In small doses it would just be the world GRRM has created, and it would be acceptable as part of the story, but it’s relentless to the point of breaking me out of reading the story, and that I blame on him as a writer – it’s not just what happens, it’s the only way of looking at womenfolk.
      I think GRRM is an amazing fantasy writer, but as much as I enjoy the plots and twists and turns and shocks I really don’t think he’s doing women any favours.

      As for the tv show, it’s better and worse, in my view – yes the female nudity by far outweighs the male (although I have read that Dany now has a no-nudity clause in her contract, whilst Jon has the opposite) but the verbalised rape threats and the internal rape references are gone – it’s back down at typical medieval patriarchy with some sexposition to keep the viewing figures up whilst the pesky plot is being furthered, rather than relentless, more subtle woman bashing from the book. The tv show seems sleazier, but at least it’s honest about it.

      Reply

      • Charli
        Apr 12, 2013 @ 12:00:04

        I disagree. As I said before I think GRRMs only failing is his lack of subtlety. I don’t think that makes him misogynistic. I think he’s overzealous in his efforts to show how hard women have it in his world and wish he would cool it, but that’s all. As I said before, I think he has written fantastic characters, some of whom happen to be women. Brienne, for example, is a knight. She is by far the most old school knight, in that she takes her duty seriously and is noble and kind and compassionate etc. She is also a woman. As such she has a harder time than any man would have because its not the done thing in the world GRRM has built. But she peserves. Strong character? Absolutely. More so because GRRM gives her problems to deal with that the male knights don’t have. Haven’t time to scan this so if iut makes no sense its only because I wrote in a rush as I’m gonna be late!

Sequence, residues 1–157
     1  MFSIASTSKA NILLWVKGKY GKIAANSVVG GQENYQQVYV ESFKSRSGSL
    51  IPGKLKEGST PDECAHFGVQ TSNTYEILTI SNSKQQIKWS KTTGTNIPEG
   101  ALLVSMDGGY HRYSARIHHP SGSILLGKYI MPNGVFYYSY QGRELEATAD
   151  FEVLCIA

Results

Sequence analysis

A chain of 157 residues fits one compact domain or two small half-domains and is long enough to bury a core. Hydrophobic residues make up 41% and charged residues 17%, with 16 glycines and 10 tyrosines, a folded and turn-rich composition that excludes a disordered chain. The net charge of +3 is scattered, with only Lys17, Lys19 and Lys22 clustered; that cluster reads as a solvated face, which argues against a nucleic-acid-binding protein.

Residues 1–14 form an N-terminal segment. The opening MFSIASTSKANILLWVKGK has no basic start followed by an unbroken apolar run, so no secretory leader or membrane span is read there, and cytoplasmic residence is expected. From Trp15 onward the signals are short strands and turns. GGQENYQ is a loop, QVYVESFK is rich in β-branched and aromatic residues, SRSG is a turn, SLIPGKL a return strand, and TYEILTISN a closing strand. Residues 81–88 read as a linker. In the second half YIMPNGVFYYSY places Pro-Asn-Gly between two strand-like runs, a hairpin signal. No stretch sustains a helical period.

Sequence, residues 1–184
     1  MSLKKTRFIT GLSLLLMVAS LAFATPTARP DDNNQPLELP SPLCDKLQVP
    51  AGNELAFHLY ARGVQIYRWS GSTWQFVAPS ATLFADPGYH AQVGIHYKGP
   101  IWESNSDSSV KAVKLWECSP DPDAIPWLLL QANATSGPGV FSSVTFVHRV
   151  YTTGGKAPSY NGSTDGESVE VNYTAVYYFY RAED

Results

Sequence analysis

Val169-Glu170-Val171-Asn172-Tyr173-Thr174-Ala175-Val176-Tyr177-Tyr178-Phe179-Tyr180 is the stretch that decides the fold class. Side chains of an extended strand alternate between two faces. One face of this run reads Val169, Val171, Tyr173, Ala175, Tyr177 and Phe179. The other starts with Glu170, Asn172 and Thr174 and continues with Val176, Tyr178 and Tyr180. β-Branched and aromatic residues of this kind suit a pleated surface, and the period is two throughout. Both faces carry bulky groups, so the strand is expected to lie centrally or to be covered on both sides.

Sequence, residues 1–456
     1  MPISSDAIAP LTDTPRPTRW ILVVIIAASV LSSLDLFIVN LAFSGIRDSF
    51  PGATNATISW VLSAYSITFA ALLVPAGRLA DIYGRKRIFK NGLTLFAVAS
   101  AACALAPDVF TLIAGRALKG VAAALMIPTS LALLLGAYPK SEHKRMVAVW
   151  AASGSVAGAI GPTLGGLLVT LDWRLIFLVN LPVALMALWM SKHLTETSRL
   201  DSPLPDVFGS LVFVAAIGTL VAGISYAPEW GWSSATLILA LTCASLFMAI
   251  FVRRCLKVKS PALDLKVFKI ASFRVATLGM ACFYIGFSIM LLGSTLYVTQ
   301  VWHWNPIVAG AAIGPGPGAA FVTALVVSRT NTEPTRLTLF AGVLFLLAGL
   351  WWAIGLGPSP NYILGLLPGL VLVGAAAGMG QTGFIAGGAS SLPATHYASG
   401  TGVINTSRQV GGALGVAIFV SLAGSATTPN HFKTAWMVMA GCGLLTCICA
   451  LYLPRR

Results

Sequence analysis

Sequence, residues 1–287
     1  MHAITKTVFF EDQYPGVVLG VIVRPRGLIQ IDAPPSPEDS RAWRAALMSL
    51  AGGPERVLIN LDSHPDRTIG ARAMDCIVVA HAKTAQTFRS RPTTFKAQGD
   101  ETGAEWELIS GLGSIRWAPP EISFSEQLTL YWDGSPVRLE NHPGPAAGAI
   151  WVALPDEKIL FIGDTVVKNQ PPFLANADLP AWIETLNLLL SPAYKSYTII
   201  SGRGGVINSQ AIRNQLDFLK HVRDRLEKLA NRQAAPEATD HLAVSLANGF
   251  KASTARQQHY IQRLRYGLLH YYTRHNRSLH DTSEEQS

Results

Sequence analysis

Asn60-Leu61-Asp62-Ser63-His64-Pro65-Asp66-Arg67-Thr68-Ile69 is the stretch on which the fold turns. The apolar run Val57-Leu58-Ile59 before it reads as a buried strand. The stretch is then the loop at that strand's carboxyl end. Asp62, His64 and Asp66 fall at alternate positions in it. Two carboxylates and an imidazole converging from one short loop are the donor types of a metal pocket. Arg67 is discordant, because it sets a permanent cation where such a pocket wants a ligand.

• Alison
        Apr 12, 2013 @ 12:11:42

        It makes sense, and I wish I could agree with you. I do see what you’re saying; Brienne is an awesome character, but GRRM can’t just let her be this awesome knight who is struggling with her fealty after Renly gets ghosted and who falls into this adventure of trying to be true to her word to Cat, and then also to Jaime… But there’s one thing – she’s ugly. She’s tall and broad; things which would be absolutely fine on a man, but we’re constantly battered with how ugly she is.
        Sure there are character flaws in GRRM’s male characters… Except Robb’s only issue is he didn’t listen to his mother or honour her contract; he was still a strong, otherwise honourable, determined young man with a great head for battle. Jon Snow’s only problem was his bastardry – he fell into things and did them well. Neither of them was ugly. Even Jaime got over his issues – he’s not slain a king or shagged his sister for some time yet, and has become quite charming. Brienne will forever be handicapped by her ugliness, like some sort of trade – ‘ok Brienne, you can be one of the boys, but you have to be ugly.’ Imagine if she were the same character, but stunningly beautiful – it would be just as interesting to read, but it would give her the power that an ugly woman is not afforded. Brienne’s ugliness is another reason for her to be subdued, even if she’s doing amazing things, she’s still ugly. Cersei is desperate and relentless in her hunger for power, Cat was rash and too emotional when trying to be Robb’s advisor, even Arya’s now been pulled back when she was starting to do mannish things with swords and the like. He’s damaging his female characters a lot more than he’s damaging his menfolk. (Even Ned and Robb – they were good and honourable and trying to do the right thing and got cut down in their prime, each time by someone we already hated.)